Same in Britain, where both workers and unemployed often went hungry, or lacked enough for a proper diet, had high incidences of tuberculosis, high rates of child mortality (poor hygiene, poor nutrition, squalid living conditions). Same in Germany once upon a time. But in late 19th century Germany -- earlier than in Britain -- statesmen like Bismarck and enightened industrialists like Krupp put together social welfare provisions (if only to stave off the threat of revolution).

Both of these examples (Britain and Germany) had a huge governement, so I'm not surprised.
 

Abdel

Economist
What made it the wealthiest country? Expropriating the land of the native Americans? Winning world wars? Military expansionism? All of this required a strong central state. That strong central state remains. This is the foundation of American "capitalism." American capital cannot function without a strong and very expensive central state. But it becomes "too expensive" only when social welfare is involved -- not where government contracts, subsidies, and military expenditures are involved. Interesting.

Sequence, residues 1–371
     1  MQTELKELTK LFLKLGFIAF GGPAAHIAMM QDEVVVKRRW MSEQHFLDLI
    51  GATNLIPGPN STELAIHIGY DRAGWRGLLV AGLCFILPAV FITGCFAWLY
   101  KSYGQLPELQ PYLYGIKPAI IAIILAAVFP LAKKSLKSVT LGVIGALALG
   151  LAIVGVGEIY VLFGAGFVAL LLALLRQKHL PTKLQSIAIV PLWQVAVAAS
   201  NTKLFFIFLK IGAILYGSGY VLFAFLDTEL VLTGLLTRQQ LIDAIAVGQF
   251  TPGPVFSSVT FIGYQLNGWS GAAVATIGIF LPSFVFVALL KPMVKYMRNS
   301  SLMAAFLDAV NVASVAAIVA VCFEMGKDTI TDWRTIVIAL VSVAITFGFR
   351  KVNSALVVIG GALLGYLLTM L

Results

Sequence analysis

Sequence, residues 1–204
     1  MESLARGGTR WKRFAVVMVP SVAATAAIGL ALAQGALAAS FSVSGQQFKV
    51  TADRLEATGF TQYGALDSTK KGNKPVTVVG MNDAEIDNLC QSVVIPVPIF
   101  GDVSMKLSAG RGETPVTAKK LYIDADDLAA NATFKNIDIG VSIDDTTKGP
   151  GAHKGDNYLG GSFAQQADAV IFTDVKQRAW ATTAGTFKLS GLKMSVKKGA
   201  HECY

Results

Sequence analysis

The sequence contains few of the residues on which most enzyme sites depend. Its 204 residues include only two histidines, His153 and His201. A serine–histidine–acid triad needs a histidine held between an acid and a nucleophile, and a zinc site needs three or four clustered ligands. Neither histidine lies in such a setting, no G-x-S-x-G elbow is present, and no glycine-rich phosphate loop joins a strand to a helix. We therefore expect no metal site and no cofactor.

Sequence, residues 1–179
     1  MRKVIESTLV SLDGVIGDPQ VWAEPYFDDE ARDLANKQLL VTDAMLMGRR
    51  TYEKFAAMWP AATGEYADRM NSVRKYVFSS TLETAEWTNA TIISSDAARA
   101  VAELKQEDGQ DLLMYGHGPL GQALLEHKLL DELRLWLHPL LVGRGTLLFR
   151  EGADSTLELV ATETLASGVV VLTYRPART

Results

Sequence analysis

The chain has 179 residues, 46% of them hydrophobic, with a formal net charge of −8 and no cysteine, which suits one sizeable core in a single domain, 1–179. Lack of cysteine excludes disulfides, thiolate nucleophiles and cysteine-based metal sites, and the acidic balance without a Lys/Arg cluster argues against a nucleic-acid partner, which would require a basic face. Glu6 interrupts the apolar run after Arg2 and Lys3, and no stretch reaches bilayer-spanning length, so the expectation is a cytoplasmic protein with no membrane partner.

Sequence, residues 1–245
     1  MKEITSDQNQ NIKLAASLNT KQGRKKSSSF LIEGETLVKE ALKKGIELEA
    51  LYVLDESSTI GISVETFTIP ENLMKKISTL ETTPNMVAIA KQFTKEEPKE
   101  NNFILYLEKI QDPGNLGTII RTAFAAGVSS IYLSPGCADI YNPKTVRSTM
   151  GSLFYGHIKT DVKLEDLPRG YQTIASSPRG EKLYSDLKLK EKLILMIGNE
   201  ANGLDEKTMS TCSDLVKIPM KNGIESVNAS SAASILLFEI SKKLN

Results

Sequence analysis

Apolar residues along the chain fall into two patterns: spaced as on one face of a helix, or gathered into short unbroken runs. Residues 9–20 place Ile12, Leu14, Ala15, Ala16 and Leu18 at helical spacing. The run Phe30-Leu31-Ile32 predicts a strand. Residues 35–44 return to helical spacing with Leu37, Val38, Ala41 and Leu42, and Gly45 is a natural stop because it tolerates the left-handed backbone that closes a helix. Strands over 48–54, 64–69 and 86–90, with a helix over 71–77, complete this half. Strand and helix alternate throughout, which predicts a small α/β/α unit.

Other countries expropriated lands, won wars, expanded their military etc etc...and yet, they NEVER came close to acheive what the US did. At one time, the US governement spending was 5% of the GDP, there was no income tax (actually there was one, a very small one for the top 1% earners or so), low consumption tax etc.

Why "obviously?" If I were rich, I would not. I would buy another Masserati or boat. It's like the beggars I meet every day: I usually give nothing, or a pittance. But if they hold a gun to my head, I would part with everything in my wallet.

I refer you to my post about the moral issue. If you think that, a majority of people can decide what to do with your money, then if that same majority decides to triple your income tax (for you only), you shall obey and pay. It just shows how that argument is non sense when you push it to the extreme; it's not valid.

Not really, they are just assertions with little or no empirical foundation.